While I like relaxed posing and am not super fussy about it, the same cannot be said about my lighting. I'm very fussy about it! As noted, most of my big groups are taken outside because of my limited studio space and because of the preference both my clients and I have for beach portraits. My trademark is natural lighting outside--I don't use flash. This means I have to be very particular about the time of day I shoot. On the East Coast, that means I don't even start shooting until about 30 minutes before sunset, sometimes even later depending upon cloud conditions or if the sun is behind trees or something else that would block it. That also means I've only got about a 20-minute window of light, so I must be ready. I wait until the light is not direct but has direction. Huh? That means the sun is below the horizon or blocked by a cloud bank but that part of the sky is still the brightest so it gives me diffused but directional light. I also wait for the light to match my subject and background. Sometimes the light is fine on my subjects but the ocean and sky in the background still has direct sunlight on it. I could flash to match, but again that's not my style, so I wait. Sometimes my subjects (read dads) get annoyed having to wait, but I'm the expert, not them, so I insist on it. The results are worth it.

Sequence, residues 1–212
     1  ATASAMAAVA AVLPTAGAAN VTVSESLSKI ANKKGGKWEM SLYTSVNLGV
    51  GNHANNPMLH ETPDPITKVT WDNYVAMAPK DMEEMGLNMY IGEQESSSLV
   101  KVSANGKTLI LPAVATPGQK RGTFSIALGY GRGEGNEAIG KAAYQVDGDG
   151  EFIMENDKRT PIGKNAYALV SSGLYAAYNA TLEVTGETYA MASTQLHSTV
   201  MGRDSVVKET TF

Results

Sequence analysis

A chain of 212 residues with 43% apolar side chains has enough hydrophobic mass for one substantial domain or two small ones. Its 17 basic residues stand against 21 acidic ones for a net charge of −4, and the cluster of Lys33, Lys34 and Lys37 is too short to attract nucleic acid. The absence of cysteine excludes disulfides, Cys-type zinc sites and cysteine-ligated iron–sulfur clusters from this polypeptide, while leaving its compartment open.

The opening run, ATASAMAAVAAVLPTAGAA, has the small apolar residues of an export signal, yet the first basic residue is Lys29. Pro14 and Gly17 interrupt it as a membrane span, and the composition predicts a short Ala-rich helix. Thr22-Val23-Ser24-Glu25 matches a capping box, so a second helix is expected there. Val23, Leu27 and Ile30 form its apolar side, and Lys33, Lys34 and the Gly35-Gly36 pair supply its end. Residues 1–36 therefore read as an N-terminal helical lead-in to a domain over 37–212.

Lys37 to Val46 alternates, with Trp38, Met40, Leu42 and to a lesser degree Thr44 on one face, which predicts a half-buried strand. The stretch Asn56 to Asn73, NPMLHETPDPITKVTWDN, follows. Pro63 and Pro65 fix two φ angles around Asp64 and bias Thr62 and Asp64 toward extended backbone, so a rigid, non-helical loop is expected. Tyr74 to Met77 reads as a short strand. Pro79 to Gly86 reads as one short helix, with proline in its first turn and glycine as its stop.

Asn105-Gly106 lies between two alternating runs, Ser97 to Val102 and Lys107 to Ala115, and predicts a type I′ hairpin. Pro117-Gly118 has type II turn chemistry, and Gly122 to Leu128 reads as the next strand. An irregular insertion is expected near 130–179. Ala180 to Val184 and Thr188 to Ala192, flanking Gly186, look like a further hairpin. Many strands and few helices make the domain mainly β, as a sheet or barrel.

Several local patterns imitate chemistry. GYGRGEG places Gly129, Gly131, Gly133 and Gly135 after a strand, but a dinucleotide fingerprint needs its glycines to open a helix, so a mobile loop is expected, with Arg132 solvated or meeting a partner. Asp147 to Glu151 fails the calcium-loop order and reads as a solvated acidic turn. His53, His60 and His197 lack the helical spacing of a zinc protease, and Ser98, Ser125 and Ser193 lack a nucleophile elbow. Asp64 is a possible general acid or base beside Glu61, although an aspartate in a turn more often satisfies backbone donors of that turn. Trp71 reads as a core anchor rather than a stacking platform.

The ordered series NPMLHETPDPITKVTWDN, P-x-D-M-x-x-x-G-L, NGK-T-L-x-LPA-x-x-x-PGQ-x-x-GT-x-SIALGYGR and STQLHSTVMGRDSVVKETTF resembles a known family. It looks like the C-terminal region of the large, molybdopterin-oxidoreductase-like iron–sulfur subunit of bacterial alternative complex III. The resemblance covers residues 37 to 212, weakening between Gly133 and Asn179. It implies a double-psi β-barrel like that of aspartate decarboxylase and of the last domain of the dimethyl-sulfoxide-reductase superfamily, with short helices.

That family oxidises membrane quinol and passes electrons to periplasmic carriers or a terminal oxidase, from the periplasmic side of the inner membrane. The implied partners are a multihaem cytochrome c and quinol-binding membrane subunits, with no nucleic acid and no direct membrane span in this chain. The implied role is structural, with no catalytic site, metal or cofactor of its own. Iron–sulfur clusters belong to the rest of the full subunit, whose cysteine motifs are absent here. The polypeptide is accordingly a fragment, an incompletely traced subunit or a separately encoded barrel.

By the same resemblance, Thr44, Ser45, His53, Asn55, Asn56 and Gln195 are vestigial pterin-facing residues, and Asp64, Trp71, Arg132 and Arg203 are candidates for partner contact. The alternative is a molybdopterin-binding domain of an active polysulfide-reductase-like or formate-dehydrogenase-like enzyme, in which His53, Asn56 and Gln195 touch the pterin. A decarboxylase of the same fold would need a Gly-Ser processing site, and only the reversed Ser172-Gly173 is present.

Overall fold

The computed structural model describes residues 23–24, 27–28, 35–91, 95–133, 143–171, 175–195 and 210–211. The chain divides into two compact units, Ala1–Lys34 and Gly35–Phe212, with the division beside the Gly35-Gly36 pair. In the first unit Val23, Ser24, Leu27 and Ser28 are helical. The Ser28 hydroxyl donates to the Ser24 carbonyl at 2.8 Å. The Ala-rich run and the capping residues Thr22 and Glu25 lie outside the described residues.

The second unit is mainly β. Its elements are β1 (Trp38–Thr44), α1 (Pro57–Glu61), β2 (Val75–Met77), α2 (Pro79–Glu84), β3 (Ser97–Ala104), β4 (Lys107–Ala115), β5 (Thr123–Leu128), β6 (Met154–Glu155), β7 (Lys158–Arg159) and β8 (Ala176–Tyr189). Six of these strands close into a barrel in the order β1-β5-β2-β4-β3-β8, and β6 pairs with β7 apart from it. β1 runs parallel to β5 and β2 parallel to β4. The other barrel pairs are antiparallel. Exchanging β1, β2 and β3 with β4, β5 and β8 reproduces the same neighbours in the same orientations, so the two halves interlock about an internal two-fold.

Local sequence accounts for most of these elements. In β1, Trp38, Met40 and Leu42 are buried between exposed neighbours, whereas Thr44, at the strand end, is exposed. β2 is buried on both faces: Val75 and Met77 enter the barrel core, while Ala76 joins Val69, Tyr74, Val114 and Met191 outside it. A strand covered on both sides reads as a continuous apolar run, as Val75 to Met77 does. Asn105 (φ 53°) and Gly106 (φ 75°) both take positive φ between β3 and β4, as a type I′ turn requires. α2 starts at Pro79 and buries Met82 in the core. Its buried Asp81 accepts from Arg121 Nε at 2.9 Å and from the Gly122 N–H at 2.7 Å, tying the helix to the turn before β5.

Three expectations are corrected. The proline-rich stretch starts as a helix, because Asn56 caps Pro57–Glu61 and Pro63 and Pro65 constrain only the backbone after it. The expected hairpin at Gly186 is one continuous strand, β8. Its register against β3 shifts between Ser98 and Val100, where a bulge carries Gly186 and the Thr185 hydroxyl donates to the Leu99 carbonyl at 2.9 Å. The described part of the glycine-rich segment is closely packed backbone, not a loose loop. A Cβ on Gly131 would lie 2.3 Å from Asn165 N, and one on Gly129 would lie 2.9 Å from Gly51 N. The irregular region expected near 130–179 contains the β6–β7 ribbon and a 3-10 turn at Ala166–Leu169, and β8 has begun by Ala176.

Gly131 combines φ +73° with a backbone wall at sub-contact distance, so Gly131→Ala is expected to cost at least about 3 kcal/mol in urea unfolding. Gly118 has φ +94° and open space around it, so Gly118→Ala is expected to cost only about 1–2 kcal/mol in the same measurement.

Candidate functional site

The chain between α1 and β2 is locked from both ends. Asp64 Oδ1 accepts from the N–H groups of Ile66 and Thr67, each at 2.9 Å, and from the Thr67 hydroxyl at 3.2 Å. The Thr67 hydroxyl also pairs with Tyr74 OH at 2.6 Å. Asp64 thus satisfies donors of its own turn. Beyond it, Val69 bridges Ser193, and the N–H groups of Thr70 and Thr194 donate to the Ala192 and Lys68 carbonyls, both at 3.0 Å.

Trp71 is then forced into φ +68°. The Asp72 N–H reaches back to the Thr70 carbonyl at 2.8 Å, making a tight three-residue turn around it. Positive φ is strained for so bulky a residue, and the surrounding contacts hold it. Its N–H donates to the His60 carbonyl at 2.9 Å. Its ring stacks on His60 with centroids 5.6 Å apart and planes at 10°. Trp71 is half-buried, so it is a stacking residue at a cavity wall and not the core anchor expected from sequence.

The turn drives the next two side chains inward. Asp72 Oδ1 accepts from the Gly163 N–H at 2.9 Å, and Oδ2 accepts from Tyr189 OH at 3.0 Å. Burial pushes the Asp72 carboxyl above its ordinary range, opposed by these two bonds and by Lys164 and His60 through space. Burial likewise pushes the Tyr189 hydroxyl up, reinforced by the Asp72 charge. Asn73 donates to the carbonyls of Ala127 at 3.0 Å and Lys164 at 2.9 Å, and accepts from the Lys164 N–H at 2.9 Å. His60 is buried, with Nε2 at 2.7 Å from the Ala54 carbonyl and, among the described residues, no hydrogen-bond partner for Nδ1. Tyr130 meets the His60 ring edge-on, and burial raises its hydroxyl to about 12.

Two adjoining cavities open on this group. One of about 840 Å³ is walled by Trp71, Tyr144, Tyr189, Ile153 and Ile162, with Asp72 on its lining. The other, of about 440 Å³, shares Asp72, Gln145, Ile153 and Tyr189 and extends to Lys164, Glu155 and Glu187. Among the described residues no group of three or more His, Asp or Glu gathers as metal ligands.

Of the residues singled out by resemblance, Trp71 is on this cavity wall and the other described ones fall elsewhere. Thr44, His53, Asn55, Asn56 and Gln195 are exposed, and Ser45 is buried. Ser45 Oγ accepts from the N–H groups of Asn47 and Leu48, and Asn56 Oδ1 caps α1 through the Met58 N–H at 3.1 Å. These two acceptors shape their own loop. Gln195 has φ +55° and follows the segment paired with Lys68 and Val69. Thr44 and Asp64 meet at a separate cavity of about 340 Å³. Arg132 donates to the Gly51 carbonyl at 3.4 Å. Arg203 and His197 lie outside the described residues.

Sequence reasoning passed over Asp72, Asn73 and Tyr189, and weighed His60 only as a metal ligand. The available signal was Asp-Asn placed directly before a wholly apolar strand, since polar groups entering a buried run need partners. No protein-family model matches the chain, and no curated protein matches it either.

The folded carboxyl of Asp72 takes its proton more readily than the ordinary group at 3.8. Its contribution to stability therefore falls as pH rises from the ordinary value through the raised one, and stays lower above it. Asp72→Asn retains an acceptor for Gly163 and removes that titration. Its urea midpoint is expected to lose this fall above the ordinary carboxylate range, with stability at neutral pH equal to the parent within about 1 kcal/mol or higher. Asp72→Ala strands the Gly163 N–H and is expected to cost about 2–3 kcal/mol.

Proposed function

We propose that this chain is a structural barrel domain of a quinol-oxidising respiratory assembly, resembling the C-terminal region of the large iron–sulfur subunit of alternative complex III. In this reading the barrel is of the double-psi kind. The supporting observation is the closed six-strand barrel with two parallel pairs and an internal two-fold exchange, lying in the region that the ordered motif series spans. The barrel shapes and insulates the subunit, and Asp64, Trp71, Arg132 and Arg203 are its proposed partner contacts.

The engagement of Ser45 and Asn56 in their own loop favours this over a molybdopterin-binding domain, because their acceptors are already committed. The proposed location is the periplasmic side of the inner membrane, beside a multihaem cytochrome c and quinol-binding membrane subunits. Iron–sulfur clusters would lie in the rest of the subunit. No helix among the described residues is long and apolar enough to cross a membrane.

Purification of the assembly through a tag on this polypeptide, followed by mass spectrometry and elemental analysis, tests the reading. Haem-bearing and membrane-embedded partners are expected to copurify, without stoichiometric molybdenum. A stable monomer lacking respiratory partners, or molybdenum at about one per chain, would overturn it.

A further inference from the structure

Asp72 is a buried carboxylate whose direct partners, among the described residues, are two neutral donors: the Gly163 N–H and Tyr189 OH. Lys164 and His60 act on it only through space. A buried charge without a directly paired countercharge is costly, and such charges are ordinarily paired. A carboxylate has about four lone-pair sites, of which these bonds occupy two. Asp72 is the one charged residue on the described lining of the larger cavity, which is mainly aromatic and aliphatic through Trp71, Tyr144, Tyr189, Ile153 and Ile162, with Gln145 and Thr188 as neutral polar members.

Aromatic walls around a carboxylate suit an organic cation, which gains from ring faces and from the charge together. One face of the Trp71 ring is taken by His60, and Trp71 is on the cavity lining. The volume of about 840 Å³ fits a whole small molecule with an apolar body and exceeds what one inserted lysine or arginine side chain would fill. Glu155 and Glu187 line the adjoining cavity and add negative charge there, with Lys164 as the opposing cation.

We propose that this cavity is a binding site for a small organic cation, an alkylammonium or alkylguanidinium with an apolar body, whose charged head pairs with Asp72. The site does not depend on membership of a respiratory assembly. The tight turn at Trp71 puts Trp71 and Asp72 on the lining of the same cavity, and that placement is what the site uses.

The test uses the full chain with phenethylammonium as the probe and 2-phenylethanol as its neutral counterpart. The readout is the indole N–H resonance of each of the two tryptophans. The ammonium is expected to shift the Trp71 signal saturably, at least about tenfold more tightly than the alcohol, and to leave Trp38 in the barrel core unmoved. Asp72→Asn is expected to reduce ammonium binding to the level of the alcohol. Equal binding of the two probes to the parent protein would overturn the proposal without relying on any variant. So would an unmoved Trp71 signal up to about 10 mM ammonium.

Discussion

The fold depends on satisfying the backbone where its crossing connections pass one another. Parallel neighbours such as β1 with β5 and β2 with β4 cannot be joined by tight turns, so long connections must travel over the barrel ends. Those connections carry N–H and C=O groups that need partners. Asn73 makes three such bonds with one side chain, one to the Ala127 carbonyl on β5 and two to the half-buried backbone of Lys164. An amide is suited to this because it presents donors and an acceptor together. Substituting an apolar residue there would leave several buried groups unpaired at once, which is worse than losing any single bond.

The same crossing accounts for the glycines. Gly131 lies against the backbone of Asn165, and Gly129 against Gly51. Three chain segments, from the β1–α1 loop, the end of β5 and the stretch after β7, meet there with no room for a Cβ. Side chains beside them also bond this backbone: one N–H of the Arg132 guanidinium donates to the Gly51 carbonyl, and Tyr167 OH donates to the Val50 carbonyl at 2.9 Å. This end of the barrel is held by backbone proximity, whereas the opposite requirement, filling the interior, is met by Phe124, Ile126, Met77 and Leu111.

If you are shooting big groups inside, the best lighting technique is to feather a really big light source so the output from the main light is equal throughout and use a strong fill not more than one stop less than the main.

Why do I do so many big groups and sell such big prints? Because that's what you see when you enter my studio! Sometimes the simplest things work great.